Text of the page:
The China economy is growing by about 8 percent annually, experts say, with three quarters of that growth fueled by exports. But China’s reliance on its export business is creating problems, experts say, rather than opportunities for U.S. industry. For instance, materials representing an estimated two-thirds of U.S. exports to China are used to produce goods that are imported to this country. “China welcomes foreign investment, but ultimately serves the U.S. market,” noted Alan Tonelson, research fellow, U.S. Business Industry Council.
In recent years, China has become Asia’s primary manufacturing center and the top nation for foreign investment. “A lot of manufacturers in Southeast Asia have moved production to China,” observed John J. Tkacik, Jr., research fellow for China, Taiwan, and Mongolia, The Heritage Foundation. “As a result, imports have leveled off.”
How can trade between the U.S. and China be rebalanced? Suggestions run the gamut. “Nothing fundamental is going to change in the manufacturing sector unless the global trading policies change,” Tonelson said.
SPI is urging the Bush administration to enforce policies under the WTO and International Monetary Fund (IMF) to correct the manipulation, as well as under valuation, of China’s currency; enforce China’s commitments to the WTO on such issues as subsidies, intellectual property rights, and market access; and enact legislation that renews and grows the U.S. manufacturing base. “We have to compete against companies paying employees $35/week in China,” 21st Century Plastics’ Wright said. “There is not much we can do about that. But there is something called fair trade and there are ways to address these grievances.”
SPI advocates a level playing field that allows the U.S. to counter market-distorting trade practices via U.S. trade law. “The market access to China is not good and we’re doing what we can to rectify that,” said Heather Clark, China trade specialist at the DOC.
Similarly, China’s WTO membership obligates it to change certain trade policies. “By entering the WTO, China will adhere to the economic rules of trade,” said Paul Neureiter, USTR’s China specialist, adding that part of USTR’s work is to monitor the situation.
Indeed, there are significant social, economic, and political pressures exerted on China as a result of WTO membership, experts say. These factors could result in one of two outcomes. “The internal strains will be so great that China could implode,” said William Reinsch, president, National Foreign Trade Council (NFTC). “Others believe China will grow into an 8000-lb gorilla.” In any case, the compliance process is one measured in years, not months.
Tonelson of the U.S. Business Industry Council offered a more radical plan, suggesting the U.S. either leave the WTO or change its trading rules. “China’s membership has gutted U.S. trade laws,” he said. “I never want American public policy made by foreign officials who are not (accountable) to American citizens.”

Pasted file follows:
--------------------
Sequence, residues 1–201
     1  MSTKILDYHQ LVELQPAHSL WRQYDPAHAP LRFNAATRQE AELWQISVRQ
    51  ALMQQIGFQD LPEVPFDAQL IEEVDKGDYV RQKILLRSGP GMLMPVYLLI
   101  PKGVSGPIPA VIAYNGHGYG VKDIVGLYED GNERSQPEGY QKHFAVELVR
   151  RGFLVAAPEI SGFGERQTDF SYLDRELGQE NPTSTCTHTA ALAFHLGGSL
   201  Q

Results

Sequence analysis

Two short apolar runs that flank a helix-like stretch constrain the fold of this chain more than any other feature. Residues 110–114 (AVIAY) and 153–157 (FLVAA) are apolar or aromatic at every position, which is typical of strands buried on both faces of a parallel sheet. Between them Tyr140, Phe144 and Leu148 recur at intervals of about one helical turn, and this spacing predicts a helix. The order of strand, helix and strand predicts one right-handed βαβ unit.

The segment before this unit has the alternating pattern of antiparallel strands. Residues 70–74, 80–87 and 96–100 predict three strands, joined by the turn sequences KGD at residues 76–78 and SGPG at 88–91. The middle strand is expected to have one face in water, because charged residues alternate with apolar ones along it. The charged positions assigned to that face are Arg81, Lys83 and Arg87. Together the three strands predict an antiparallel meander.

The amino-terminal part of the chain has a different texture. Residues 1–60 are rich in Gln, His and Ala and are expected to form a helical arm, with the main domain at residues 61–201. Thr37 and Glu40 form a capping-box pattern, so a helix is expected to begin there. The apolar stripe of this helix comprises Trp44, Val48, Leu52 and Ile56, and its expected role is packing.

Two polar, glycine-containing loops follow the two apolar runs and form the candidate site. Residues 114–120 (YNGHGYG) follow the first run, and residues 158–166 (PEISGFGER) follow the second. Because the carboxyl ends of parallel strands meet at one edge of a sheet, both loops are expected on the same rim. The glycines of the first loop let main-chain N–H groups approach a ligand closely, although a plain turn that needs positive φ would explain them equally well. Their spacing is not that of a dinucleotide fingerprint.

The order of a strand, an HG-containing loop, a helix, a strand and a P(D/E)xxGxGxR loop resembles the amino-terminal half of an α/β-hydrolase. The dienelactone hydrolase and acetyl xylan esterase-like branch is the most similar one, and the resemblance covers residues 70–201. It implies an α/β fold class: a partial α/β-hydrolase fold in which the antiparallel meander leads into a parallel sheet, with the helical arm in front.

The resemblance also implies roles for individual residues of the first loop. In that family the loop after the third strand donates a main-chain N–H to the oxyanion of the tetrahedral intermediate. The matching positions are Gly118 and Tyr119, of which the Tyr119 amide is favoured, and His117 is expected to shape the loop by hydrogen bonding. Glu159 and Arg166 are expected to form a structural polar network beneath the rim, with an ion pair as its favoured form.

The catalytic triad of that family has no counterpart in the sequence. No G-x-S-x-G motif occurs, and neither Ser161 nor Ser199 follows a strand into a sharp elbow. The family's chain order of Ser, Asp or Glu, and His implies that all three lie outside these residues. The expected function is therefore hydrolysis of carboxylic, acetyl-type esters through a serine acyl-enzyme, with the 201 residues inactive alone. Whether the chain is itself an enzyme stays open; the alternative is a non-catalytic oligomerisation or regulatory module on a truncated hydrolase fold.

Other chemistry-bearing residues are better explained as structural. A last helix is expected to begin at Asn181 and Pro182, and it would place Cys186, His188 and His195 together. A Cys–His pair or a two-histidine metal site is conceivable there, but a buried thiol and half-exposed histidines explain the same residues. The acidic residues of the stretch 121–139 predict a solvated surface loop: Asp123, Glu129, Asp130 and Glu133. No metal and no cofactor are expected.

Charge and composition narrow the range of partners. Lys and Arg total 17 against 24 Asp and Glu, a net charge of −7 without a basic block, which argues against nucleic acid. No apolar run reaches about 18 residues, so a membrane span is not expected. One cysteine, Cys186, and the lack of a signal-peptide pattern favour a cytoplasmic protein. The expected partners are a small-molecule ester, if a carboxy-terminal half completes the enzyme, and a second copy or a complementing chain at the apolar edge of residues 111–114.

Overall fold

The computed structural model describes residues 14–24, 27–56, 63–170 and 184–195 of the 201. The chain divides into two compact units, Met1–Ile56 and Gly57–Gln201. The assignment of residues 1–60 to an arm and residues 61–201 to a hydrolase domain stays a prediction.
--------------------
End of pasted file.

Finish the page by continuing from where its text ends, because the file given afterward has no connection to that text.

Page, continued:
“I’m not suggesting that China be expelled from the WTO, but that it compete fairly,” added D-M-E’s Skala. “If the referees are calling penalties against you but not against the opposition, it’s going to be hard to win the game.”
A weaker dollar could address some of the trade imbalance as imports across the board become more expensive. In fact, the greenback has grown weaker than the euro in recent months. But in China, the currency is pegged to the dollar, so devaluation of the dollar has minimal effect. “To close the gap, we need to foster export growth and a realistic exchange rate to level the playing field,” NAM’s Vargo said.
NFTC’s Reinsch was asked whether U.S. companies should stop trading and investing in China altogether. “Those things are unlikely to happen,” he said. “We live in a global economy.”
There are plastics manufacturers operating businesses in North America and Europe that have maintained a happy medium. “As China has grown for us, it has stimulated new Nypro growth in the U.S.,” said Alfred Cotton, Jr., public affairs director at Nypro Inc. “During the past seven years, we went from less than 100 to about 5000 employees in China. At the same time, we went from about 2500 people to almost 4000 people in the U.S. So it has been a win-win.”
Some experts believe that as the China manufacturing sector becomes more sophisticated and adheres to common industry standards—compliance with environmental and worker safety regulations—it will lead to higher production costs. “The consequence is a less significant gap in cost [of goods],” Reinsch said.
Moving forward, conference attendees agreed that lobbying efforts must continue to make U.S. government officials more aware of the challenges facing manufacturers. “When I left, I felt worse than when I got there,” said Wright. “I realized this problem really isn’t on the radar screen in Washington.”